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Original Research ARTICLE

Front. Earth Sci., 27 March 2019 | https://doi.org/10.3389/feart.2019.00047

A New Hypothesis of the Phylogenetic Relationships of the Tylosaurinae (Squamata: Mosasauroidea)

Paulina Jiménez-Huidobro1* and Michael W. Caldwell1,2
  • 1Department of Biological Sciences, University of Alberta, Edmonton, AB, Canada
  • 2Department of Earth and Atmospheric Sciences, University of Alberta, Edmonton, AB, Canada

Tylosaurinae (Williston, 1897), is reconstructed in most analyses as the sister group of the Plioplatecarpinae (Dollo, 1884). The most distinctive characteristic of the group is an elongated edentulous rostrum on the premaxilla. Members of the tylosaurine subfamily are divided into two genera: Tylosaurus (Marsh, 1874), and Taniwhasaurus (Hector, 1874). When all arguably valid tylosaurine species are included in a single phylogenetic analysis, some clades are well supported, i.e., the clade formed by T. proriger (Cope, 1869) + T. bernardi (Dollo, 1885), or the clade T. pembinensis (Nicholls, 1988) + T. saskatchewanensis. In contrast, clade relationships for other species remain unresolved, i.e., T. gaudryi (Thevenin, 1896), T. nepaeolicus (Cope, 1874), and the several species within the genus Taniwhasaurus. When T. gaudryi (Thevenin, 1896), Ta. ‘mikasaensis’ (Caldwell et al., 2008), and ‘T’. capensis (Broom, 1912) were removed from the analysis, T. nepaeolicus appeared as the basal member of the genus. The relationship within the genus Taniwhasaurus remains unresolved; however, when the problematic taxa was removed, the genus became monophyletic, with Ta. oweni as the sister group of Ta. antarcticus. Based on morphological characters present in the holotype of ‘T’. capensis Broom, 1912, we suggested a re-assignment to the genus Taniwhasaurus, based on the flutes and facets in the crown of the two preserved replacement teeth. The lack of a clear diagnosis of Hainosaurus/Tylosaurus neumilleri leaves this taxon as a nomen dubium; the few characters visible on the specimen show strong similarities to both T. pembinensis and T. saskatchewanensis; therefore, the specimen cannot be identified beyond Tylosaurus sp. Reassessment of the known materials of the Japanese species Ta. ‘mikasaensis’ suggests that the various specimens do not display sufficient diagnostic characters to support ‘mikasaensis’ as distinct from Taniwhasaurus oweni. The hypothesis for a North Atlantic Circle Basin distribution for a species of the genus Tylosaurus, from the Coniacian to the Maastrichtian is supported, and a more cosmopolitan distribution is suggested for the genus Taniwhasaurus (Santonian to Maastrichtian) with species present along the margins of the Pacific, Indian, and Antarctic Ocean Basins.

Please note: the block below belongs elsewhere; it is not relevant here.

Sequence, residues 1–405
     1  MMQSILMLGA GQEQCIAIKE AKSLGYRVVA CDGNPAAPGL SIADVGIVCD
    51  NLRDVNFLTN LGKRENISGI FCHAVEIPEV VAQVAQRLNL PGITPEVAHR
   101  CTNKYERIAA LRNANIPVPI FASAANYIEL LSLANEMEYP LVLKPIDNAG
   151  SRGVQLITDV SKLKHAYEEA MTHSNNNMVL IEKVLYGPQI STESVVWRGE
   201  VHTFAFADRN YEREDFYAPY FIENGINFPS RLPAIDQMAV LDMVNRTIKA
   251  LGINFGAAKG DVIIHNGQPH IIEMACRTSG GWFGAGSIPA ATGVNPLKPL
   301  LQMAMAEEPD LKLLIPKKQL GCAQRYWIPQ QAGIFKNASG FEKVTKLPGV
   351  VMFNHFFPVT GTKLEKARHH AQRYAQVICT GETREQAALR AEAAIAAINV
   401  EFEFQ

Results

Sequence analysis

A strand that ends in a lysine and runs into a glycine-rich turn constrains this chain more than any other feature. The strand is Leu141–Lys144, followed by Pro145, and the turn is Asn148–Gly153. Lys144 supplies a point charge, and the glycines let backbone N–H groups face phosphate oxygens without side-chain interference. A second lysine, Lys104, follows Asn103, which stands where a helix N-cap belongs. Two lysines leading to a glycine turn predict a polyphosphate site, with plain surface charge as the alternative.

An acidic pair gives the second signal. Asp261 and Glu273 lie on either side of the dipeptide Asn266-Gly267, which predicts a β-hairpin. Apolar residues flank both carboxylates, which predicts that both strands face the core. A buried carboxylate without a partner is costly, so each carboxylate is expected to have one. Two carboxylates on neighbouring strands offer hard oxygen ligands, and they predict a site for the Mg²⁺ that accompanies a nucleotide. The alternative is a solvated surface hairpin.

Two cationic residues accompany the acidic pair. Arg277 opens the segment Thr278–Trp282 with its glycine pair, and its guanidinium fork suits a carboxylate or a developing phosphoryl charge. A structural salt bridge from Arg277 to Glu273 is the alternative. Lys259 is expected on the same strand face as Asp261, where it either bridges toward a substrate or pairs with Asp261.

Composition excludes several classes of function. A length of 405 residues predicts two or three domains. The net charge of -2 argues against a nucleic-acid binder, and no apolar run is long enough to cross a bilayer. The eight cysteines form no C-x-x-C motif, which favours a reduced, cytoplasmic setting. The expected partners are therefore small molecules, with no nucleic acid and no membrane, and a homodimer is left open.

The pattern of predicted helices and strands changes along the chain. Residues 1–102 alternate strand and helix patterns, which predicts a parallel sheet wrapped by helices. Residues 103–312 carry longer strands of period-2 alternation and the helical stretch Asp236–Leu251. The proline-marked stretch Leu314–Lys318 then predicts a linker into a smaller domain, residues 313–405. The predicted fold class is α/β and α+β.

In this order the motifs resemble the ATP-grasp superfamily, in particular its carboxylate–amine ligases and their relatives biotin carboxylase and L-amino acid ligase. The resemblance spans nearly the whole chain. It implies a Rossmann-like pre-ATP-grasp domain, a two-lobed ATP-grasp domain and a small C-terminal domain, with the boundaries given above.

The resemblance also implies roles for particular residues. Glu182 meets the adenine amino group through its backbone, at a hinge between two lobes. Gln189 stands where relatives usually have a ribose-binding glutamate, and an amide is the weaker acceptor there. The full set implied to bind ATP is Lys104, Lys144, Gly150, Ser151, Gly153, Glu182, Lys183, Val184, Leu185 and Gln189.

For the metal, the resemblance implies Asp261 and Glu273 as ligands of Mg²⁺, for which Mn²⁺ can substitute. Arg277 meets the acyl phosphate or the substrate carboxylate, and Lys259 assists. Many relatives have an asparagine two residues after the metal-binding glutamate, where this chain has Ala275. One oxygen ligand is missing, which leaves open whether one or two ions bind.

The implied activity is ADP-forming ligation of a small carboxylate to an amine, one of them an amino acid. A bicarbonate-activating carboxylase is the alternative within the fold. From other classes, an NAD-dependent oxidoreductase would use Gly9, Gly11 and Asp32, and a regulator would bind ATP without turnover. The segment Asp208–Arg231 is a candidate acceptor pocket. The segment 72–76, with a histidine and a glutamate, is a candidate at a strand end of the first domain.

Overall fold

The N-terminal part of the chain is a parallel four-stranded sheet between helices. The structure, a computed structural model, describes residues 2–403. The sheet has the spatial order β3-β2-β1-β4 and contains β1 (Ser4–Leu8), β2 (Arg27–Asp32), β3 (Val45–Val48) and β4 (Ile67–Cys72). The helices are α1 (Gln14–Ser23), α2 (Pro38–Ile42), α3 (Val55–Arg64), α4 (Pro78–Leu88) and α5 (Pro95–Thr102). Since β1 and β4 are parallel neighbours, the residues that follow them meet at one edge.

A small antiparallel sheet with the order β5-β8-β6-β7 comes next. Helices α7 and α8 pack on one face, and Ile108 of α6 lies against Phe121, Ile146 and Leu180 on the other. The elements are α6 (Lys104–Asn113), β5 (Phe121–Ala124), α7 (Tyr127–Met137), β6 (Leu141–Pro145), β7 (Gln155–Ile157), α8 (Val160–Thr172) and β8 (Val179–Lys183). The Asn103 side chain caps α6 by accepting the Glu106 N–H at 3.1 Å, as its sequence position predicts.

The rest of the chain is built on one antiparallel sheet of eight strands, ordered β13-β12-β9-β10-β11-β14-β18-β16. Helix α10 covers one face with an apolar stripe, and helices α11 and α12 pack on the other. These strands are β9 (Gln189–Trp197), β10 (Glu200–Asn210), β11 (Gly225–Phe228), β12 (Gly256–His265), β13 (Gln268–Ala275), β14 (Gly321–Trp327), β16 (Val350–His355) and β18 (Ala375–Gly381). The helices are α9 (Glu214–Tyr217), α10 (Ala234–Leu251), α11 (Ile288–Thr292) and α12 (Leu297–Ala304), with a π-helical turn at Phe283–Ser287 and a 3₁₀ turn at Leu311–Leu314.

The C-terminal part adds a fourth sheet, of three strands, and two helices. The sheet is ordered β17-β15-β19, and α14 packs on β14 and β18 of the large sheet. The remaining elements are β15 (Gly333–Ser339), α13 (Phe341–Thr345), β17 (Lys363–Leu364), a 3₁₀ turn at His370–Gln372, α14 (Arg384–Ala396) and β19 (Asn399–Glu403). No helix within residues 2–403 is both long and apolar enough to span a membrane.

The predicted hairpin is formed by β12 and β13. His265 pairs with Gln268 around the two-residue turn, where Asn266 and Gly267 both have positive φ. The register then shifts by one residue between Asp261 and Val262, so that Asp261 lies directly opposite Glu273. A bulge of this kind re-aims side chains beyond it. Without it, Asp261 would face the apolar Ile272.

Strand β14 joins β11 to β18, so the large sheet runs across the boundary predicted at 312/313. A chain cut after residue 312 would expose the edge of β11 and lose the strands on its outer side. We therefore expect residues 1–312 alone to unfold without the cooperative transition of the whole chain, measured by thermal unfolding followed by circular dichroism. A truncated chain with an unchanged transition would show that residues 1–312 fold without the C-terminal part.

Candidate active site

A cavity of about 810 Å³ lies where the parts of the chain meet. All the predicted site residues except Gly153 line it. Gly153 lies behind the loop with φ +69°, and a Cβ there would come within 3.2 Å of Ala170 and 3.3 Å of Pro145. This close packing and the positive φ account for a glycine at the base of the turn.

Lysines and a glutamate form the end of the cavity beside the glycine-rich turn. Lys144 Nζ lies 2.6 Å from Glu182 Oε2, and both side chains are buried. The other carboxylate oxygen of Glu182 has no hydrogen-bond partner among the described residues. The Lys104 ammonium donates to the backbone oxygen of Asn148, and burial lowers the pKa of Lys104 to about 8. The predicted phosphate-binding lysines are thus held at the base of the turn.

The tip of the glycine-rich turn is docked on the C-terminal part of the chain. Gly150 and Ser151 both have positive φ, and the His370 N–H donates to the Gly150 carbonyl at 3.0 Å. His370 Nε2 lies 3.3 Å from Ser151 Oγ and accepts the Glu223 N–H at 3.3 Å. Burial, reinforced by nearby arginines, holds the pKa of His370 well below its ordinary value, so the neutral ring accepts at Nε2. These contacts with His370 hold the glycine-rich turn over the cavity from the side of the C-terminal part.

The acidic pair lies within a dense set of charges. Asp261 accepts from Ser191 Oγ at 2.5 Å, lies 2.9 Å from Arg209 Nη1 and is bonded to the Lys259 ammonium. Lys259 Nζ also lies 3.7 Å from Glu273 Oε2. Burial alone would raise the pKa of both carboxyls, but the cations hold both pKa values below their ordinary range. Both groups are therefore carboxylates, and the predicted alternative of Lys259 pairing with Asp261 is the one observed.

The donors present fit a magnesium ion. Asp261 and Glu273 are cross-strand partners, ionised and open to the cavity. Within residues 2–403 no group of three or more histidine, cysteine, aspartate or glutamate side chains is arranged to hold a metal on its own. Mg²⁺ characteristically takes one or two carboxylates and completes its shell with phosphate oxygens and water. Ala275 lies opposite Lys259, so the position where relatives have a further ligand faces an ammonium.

Introduction

Mosasaurs were a highly successful and diverse group of aquatically adapted squamates, that evolved paddle like limbs and radiated into marine environments around the world during the Upper Cretaceous (Caldwell, 2012). The Tylosaurinae (Williston, 1897), is a clade/subfamily of mosasaurs with a dense fossil record from North America (Cope, 1869, 1874; Russell, 1967; Nicholls, 1988) and Europe (Dollo, 1885; Lingham-Soliar, 1992; Lindgren and Siverson, 2002; Bardet et al., 2006; Hornung and Reich, 2015; Sachs et al., 2018), and a more sparse fossil record from Africa (Broom, 1912; Antunes, 1964), Antarctica (Novas et al., 2002), Japan (Caldwell et al., 2008), and New Zealand (Welles and Gregg, 1971; Caldwell et al., 2005). Among mosasauroids, tylosaurines include some of the largest bodied marine lizards ever known, such as T. bernardi from Belgium, which is estimated to have been 12.2 m long (Lindgren, 2005).

There have been attempts to examine the position of Mosasauridae within Squamata (Rieppel, 1980; Carroll and deBraga, 1992; deBraga and Carroll, 1993; Caldwell et al., 1995; Caldwell, 1996, 1999; Conrad, 2009; Gauthier et al., 2012; Reeder et al., 2015), and the relationships of the lineages within Mosasauridae (Bell, 1993, 1997; Caldwell, 1996; Polcyn and Bell, 2005; Caldwell and Palci, 2007; Leblanc et al., 2012; Palci et al., 2013; Jiménez-Huidobro and Caldwell, 2016; Jiménez-Huidobro et al., 2018). However, none of these studies have been focused on tylosaurine mosasaurs, and none have included a revision of all tylosaurine species and thus all valid terminal taxa. Bullard (2006), in his analysis of tylosaurine mosasaurs, demonstrated the monophyly of the Tylosaurinae, and showed that Tylosaurus bernardi (=H. bernardi) and Taniwhasaurus oweni are basal members of the Tylosaurinae, while T. pembinensis and T. saskatchewanensis are crown members of the clade. However, Bullard (2006) was unable to resolve relationships between several of the tylosaurine clades. By adding a revised list of terminal taxa, derived from first hand observation of all known tylosaurine mosasaur taxa, and many specimens, to a modified version of a pre-existing data matrix, the analysis presented here seeks to establish the phylogenetic relationships of the Tylosaurinae on a global scale. A secondary goal is to assess the status of the two genera that form this group, Tylosaurus and Taniwhasaurus, and examine their distributions and clade relationships in paleobiogeographic terms.